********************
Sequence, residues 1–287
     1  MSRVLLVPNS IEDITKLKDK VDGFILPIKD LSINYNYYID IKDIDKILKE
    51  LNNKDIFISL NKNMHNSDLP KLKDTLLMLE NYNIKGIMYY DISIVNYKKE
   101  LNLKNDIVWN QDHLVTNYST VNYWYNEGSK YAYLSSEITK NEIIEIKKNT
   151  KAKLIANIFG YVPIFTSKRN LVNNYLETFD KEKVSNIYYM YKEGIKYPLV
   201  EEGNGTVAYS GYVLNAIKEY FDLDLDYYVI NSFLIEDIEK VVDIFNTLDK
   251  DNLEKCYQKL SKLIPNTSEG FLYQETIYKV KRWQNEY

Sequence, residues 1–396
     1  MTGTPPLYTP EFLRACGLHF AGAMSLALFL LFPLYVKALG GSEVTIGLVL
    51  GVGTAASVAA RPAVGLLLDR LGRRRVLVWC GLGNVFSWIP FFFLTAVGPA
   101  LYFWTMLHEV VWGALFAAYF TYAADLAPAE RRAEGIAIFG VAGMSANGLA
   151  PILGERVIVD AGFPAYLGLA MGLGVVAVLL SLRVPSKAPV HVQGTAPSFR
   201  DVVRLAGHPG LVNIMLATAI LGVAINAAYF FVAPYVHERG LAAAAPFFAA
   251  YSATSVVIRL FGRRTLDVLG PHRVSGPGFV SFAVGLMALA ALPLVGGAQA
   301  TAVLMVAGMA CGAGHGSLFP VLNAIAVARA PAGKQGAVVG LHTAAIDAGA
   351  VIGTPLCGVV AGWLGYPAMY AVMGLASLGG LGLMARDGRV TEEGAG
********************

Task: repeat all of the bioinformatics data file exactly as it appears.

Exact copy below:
Sequence, residues 1–287
     1  MSRVLLVPNS IEDITKLKDK VDGFILPIKD LSINYNYYID IKDIDKILKE
    51  LNNKDIFISL NKNMHNSDLP KLKDTLLMLE NYNIKGIMYY DISIVNYKKE
   101  LNLKNDIVWN QDHLVTNYST VNYWYNEGSK YAYLSSEITK NEIIEIKKNT
   151  KAKLIANIFG YVPIFTSKRN LVNNYLETFD KEKVSNIYYM YKEGIKYPLV
   201  EEGNGTVAYS GYVLNAIKEY FDLDLDYYVI NSFLIEDIEK VVDIFNTLDK
   251  DNLEKCYQKL SKLIPNTSEG FLYQETIYKV KRWQNEY

Sequence, residues 1–396
     1  MTGTPPLYTP EFLRACGLHF AGAMSLALFL LFPLYVKALG GSEVTIGLVL
    51  GVGTAASVAA RPAVGLLLDR LGRRRVLVWC GLGNVFSWIP FFFLTAVGPA
   101  LYFWTMLHEV VWGALFAAYF TYAADLAPAE RRAEGIAIFG VAGMSANGLA
   151  PILGERVIVD AGFPAYLGLA MGLGVVAVLL SLRVPSKAPV HVQGTAPSFR
   201  DVVRLAGHPG LVNIMLATAI LGVAINAAYF FVAPYVHERG LAAAAPFFAA
   251  YSATSVVIRL FGRRTLDVLG PHRVSGPGFV SFAVGLMALA ALPLVGGAQA
   301  TAVLMVAGMA CGAGHGSLFP VLNAIAVARA PAGKQGAVVG LHTAAIDAGA
   351  VIGTPLCGVV AGWLGYPAMY AVMGLASLGG LGLMARDGRV TEEGAG